I now have 6 lines leading back to the cockpit, organized to stay free of each other, 2 jibsheets, travellor and mainsheets, 3 winches, and a number of blocks and cleats to handle it all. I purposely chose not to use a roller furler because of weight, windage, and aerodynamics.

I cruise and race this boat, but she's primarily a weekend cruiser. With a few mods, you can make your J22 easy to singlehand and cruise without hurting her racing capability. I'm sure there are other J boat owners out there who have made similar mods to their boats.

Best wishes,

Pat
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Old 02-08-2009
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I agree that the tiller tamer is a great accessory. But so is the ability to trim the sails so that she steers herself (no good for foredeck work but it allows you to tend to other things)

Neither of these books are new, but I found helpful advice in both:

Amazon.com: A Manual of Single Handed Sailing: Tony Meisel: Books

Amazon.com: Singlehanded Sailing: The Experiences and Techniques of the Lone Voyagers: Richard Henderson: Books

For the record, I single-hand much larger boats without difficulty, but with a lot of preparation. One is a '70s cruiser-racer with a huge J measurement, hank-on foresails and the halyard winch at the mast. I will motor out, go head to wind, crank up the main, leave it centered, pre-wrap both jib sheets on the winches loosely for when it is fully out on a reach (you can mark your sheets to indicate this), and then I will motor fast into the wind, throw the throttle back, throw the engine into neutral, and haul up the jib halyard (pre-loaded at the dock and with the sail either loose on the deck or barely held down with cotton thread) as fast as I can.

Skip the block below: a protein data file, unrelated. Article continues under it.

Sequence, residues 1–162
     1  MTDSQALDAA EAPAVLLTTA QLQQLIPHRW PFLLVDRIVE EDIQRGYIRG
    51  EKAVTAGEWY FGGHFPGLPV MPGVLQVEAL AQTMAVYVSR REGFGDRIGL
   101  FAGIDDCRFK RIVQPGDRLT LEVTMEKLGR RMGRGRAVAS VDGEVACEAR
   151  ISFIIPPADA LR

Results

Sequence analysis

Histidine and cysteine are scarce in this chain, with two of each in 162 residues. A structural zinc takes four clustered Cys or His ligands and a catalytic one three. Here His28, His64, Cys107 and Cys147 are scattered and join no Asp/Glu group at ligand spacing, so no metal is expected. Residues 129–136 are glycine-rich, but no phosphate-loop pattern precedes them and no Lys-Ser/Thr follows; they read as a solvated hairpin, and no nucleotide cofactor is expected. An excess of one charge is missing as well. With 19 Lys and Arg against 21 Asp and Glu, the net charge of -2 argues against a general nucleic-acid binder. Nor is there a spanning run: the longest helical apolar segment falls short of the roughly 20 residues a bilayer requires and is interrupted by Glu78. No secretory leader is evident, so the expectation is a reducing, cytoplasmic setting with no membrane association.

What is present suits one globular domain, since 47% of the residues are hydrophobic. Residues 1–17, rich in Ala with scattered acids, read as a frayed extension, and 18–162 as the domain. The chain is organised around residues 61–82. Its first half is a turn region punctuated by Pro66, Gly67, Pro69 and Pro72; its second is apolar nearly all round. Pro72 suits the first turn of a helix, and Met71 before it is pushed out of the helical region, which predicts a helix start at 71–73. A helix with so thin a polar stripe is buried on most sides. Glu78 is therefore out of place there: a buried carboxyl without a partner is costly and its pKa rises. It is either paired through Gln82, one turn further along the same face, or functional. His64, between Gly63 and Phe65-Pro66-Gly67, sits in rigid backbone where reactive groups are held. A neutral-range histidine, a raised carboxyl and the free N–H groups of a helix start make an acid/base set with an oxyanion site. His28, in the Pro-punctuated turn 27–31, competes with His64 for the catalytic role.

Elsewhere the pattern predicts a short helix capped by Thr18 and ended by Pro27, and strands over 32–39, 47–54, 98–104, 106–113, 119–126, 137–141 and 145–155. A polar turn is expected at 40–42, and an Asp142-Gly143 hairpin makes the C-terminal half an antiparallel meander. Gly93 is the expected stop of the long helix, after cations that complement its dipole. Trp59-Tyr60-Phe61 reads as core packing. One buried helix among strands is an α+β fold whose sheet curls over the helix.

Usually, the jib is up and flogging before the boat can coast to a stop or fall off in either direction. I can get back to the cockpit and fall off one way or another and can trim or unwrap either winch, during which I steer with my legs or "by the seat of my pants". I'm middle-aged and the opposite of petite, so I figure most people can manage this, especially if the jib halyard runs back to the cockpit.

The bigger boat is a full-keeler with furling and hydraulic steering, making all this much easier (and more stately), as it tracks much better than the lighter fin keeler. The difference is that I get the main up at the mast, and simply unfurl the jib from the helm.
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Old 02-27-2009
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I really enjoy sailing my J22 single-handed.
Yesterday I made a short coastal hop around the Dubai Palm in 10 - 12 knots, sailing solo.
While a tiller minding device like the one pictured would no doubt be great, I use a simple elastic bungee on the tiller to hold course while I go forward to attend to the jib(or the cool box!).
The elastic is tied between the two stern cleats with a central loop fitting over the end of the tiller. By taking extra loops of the elastic over the tiller, it's pretty easy to adjust the tension to maintain course.

I always sail in and out of the mooring on the mainsail - I've never yet used the outboard!

I always rig the jib flaked on the foredeck and retained with another elastic cord and a quick release snap shackle line back to the cockpit - it's usually not a problem to raise the jib when you're under way.

Having said all that, the J22 undoubtedly sails best with more than one person crewing.
When it's blowing more than about 10 knots close hauled and sheeted in, I find my weight (187 pounds) isn't really enough to keep the lee gunwale out of the water, and my new Quantum main doesn't have a reefing cringle.
I have to spill wind, or end up making too much leeway.

The return trip today with a friend crewing with me was much faster in similar wind conditions, just because of the extra weight keeping the windward rail down!
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Old 02-27-2009
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Food for thought...while rigging your boat to be single-handed friendly, you should put some serious thought into how your significant other would handle the boat in cases of emergency. It is policy on my boat, if you are out with me...you are crew. The more you participate, the more you learn.....my .02.